20. Clinical and Laboratory Standards Institute (CLSI), "Methods for dilution antimicrobial susceptibility test for bacteria that grow aerobically: Approved Standards," Wayne, PA, USA: Clinical and Laboratory Standards Institute, 2006, M7–A7.
  21. M.Cheesebrough,"Biochemical Tests to Identify Bacteria,"in: Laboratory Practice in Tropical Countries,M.Cheesebrough, Eds. Cambridge edn.pp. 2002,63–70.
  22. E. E. Ehrenfeld and D. B. Clewell, "Transfer functions of the Streptococcus faecalis plasmid pADI: Organization of plasmid DNA encoding response to sex pheromones," Journal of Bacteriology, 1987, vol. 169, pp. 3473–3481.
  23. E. Jimenez, S. Delgado, L. Fernandez, N. Garcia, M. Albujar, A. Gomez and J. M. Rodriguez, "Assessment of the bacterial diversity of human colostrums and screening of Staphylococcal and Enterococcal population for potential virulence factors." Res. Microbiol., 2008, vol. 159, pp. 595–601.
  24. T. T. Ouke, J. N. Ngerenwa, G. O. Orinda, C. C. Bii, E. Amukoye, M. Lucy and C. N. Wamae, "Oxacillin resistant Staphylococcus aureus among HIV infected and non-infected Kayan patients," East Africa Medical Journal, 2010, vol. 87, pp. 179–186.
  25. B. P. Howden, J. K. Davis, P. D. Johnson, T. P. Stinear and M. L. Grayson, "Reduced vancomycin susceptibility in Staphylococcus aureus, including vancomycin –intermediate and heterogenous vancomycin –intermediate strains: resistance mechanisms, laboratory detection and clinical implications," Clin. Microbiol. Rev., 2010, vol. 23, issue 1, pp. 99–139.
  26. A. Azimian, H. S. Asghar, H. Fazeli, M. Naderi, K. Ghazvini, S. S. Mirab, M. Soleimani and P. S. Najar, "Genetic analysis of vancomycin –resistant Staphylococcus aureus strain isolated in Iran," mBio, 2012, vol. 3, issue 6, pp. 442–454.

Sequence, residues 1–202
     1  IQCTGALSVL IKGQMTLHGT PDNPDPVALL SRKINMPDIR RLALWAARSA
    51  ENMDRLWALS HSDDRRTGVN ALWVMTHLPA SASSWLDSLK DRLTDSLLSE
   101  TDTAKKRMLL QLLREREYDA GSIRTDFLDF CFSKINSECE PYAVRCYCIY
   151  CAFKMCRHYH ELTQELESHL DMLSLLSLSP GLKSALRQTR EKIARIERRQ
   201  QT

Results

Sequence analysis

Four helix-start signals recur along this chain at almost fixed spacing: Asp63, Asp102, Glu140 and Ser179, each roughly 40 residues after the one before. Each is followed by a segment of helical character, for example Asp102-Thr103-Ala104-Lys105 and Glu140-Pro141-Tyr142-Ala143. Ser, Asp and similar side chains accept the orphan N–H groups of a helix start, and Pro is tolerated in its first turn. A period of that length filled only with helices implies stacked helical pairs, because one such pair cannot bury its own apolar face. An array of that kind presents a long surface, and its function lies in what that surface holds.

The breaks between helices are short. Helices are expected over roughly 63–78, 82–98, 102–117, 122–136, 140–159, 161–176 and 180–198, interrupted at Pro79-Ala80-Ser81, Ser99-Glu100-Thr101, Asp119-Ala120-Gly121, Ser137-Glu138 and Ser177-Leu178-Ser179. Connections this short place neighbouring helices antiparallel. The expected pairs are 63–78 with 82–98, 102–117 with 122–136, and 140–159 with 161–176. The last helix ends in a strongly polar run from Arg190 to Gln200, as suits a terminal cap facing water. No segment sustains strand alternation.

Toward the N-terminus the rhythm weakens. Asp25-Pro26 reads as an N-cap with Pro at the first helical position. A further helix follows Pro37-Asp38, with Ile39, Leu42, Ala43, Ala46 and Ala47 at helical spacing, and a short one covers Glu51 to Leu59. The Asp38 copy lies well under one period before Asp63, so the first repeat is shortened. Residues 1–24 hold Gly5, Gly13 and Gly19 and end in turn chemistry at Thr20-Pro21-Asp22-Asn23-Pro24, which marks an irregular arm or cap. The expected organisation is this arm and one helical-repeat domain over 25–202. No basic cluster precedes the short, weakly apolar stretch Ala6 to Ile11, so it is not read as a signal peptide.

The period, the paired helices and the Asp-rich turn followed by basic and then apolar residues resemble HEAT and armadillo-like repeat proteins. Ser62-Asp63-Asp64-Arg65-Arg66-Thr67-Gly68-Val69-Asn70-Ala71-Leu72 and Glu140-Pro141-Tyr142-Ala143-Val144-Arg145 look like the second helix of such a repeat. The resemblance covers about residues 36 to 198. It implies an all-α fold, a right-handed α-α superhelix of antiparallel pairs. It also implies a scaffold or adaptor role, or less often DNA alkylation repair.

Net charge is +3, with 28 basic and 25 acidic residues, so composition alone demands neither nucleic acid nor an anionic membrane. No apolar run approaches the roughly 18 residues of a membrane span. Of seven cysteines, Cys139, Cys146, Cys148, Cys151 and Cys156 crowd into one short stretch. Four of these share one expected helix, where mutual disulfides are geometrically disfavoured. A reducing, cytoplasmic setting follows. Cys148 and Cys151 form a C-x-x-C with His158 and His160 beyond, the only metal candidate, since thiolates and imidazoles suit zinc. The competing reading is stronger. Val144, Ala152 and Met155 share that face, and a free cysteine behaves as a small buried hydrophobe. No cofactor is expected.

27. O. S. Olanitola, H. I. Iyabo, B. O. Olayinka and I. D. Bugo, "Nasal carriage of methicillin-resistant Staphylococcus aureus by primary school pupils in a university staff school, Zaria, Nigeria," International Journal of Biological and Chemical Sciences, 2007, vol. 1, issue 1, pp. 71–75.
  28. A. Onanuga and T. C. Temedia, "Nasal carriage of healthy in habitants of Amassoma in Niger Delta region of Nigeria," African Health Sciences, 2011, vol. 11, issue 2, pp. 176–181.
  29. A. Srinivasan, S. Seifried and L. Zhu, "Short communication: methicillin-resistant Staphylococcus aureus infections in children and young adults infected with HIV," AIDS Res Hum Retroviruses, 2009, vol. 25(12), pp. 1219–1224.
  30. S. D. Kobayashi, J. M. Musser and F. R. DeLeo, "Genomic analysis of the emergence of vancomycin –resistant Staphylococcus aureus," mBio, 2012, vol. 3, issue 4, pp. 170–182.
  31. A. O. Shittu, K. Okon, S. Adesida, O. Oyedara, W. Witte, B. Strommenger, F. Layer and U. Nubel, "Antibiotic resistance and molecular epidemiology of Staphylococcus aureus in Nigeria," BMC Microbiology, 2011, vol. 11, pp.92–99.
  32. V. N. Kos, C. A. Desjardins, A. Griggs, G. Cerqueira, A. Van Tonder, M. T. G. Holden, P. Godfrey, K. L. Palmer, K. Bodi, E. F. Mongodin, J. Wortman, M. Feldgarden, T. Lawley, S.R. Gill, B. J. Haas, B. Birren and M. S. Gilmore, "Comparative genomics of vancomycin-resistant staphylococcus aureus strains and their positions within the clade most commonly associated with methicillin-resistant S. aureus hospital-acquired infection in the United States," mBio, 2012, vol. 3, issue 3, pp. 112–122.

Article Tools
Follow on us
Science Publishing Group
NEW YORK, NY 10018
Tel: (001)347-688-8931